Dancing on the Edge

Kathy is a beautiful young woman in her mid twenties. A natural mom, she slowly bounces her baby boy on her lap as she tells her story, blinking back the emotions, her dad by her side.

And quite a story it is. Her parents divorced when she was five, and her mom took her and her brothers and sister. When her mom began beating her brother, her dad took him. That just left Kathy as the focus of her mom’s physical abuse.

“I was thrown down stairs, beaten with pots, forced to eat moldy food,” Kathy said. “My dad finally got me when I was 12, but by then the damage had been done.”

Her father, himself an alcoholic, moved her to his horse ranch in a wealthy suburb of Kansas City. Kathy quickly became rebellious. She skipped school and smoked pot. The first time she tried alcohol, at the age of 13, she got blackout drunk. Between the age of 13 and 24, she attempted suicide three times.

She dropped out of high school when she was 16, married the first guy she met (an alcoholic), got pregnant while she was on meth and gave birth to a son with Tourette Syndrome because of it.

She divorced when her son was three months old. To survive she started doing singing telegrams and then moved on to stripping. She was a functioning alcoholic. She would drink every day. At 24, she was up to two fifths of rum a day. At 25, she was taking 30 Vicodin before each shift at the strip club. She quickly moved on to a $500 a day cocaine habit.

“When you’re in it, when you’re living this life (if you can call it living), you think you’ve got everybody fooled,” Kathy said. “But you don’t. You’re just fooling yourself.”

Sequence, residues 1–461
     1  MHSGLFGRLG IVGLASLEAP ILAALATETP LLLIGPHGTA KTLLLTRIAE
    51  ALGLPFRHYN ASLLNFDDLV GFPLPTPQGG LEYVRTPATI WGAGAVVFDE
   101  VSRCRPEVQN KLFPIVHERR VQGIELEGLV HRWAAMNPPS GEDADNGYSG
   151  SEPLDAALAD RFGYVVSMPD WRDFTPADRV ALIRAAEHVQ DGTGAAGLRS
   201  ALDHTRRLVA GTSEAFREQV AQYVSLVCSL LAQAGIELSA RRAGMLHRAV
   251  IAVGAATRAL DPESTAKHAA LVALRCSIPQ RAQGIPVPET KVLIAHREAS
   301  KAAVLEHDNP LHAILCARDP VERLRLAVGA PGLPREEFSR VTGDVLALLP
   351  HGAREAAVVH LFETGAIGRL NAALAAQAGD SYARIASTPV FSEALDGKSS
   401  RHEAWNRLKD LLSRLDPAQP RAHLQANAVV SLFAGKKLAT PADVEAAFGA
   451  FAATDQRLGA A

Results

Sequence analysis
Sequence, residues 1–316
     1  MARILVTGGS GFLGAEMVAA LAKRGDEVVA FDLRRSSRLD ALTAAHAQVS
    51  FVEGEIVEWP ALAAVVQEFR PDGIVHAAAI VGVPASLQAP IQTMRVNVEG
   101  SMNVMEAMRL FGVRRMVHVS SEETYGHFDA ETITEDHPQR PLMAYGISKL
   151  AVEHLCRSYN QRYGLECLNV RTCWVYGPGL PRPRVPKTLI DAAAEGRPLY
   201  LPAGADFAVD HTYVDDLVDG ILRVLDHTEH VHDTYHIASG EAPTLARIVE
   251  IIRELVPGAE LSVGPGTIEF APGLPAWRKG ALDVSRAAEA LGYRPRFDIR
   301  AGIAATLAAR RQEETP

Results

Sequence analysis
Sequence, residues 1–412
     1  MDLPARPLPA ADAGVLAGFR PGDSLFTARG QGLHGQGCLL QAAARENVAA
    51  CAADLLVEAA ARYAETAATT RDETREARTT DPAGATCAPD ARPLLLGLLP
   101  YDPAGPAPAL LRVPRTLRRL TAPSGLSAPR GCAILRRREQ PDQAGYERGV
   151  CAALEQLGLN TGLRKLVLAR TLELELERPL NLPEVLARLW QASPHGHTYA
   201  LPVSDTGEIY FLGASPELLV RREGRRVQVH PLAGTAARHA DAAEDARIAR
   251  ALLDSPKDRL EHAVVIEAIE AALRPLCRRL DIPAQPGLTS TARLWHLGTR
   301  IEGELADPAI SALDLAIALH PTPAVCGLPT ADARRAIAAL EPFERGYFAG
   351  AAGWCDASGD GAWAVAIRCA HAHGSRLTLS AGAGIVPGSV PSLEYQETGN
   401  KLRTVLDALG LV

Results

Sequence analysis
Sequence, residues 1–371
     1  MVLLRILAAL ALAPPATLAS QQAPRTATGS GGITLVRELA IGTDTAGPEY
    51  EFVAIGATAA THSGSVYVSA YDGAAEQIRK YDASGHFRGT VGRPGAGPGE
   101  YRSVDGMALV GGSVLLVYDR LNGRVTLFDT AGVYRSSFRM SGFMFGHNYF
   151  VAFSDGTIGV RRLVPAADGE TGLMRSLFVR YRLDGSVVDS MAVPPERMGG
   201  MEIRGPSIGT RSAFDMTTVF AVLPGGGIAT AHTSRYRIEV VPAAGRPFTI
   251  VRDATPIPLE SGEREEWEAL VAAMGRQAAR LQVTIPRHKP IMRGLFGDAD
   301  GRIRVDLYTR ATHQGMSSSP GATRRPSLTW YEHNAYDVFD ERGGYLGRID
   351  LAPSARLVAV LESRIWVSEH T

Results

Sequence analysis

One day she woke up, looked in the mirror and was just tired of the life she was leading, tired of the woman who was looking back at her in that reflection. So she prayed and then called several treatment centers.

At first she wasn’t interested in in-patient treatment. She didn’t want to be “one of those people.”

“It was humiliating to me at the time,” she said. “I thought I was better than that, better than these people. I was very vain and arrogant.”

That was her first experience with treatment, and it went well. She was clean for six months when her ex, a police officer, found her, raped her and beat her. To cope, she turned once again to what she knew—alcohol and drugs.

She was arrested several months later. The authorities found a lot of drugs and paraphernalia in the car. She found out she was pregnant. She started treatment again. This time she is determined to make it for her sons.

“I think of addiction like an allergy,” she said. “Not everyone gets allergies. Not everyone reacts the same way. I never want to forget who I am, and I know that if I pick up a drink again it would all be gone.”

The woman people see today looks nothing like she did just two short years ago. She’s stronger now. Happier. She knows what she wants from life and is determined to work for it.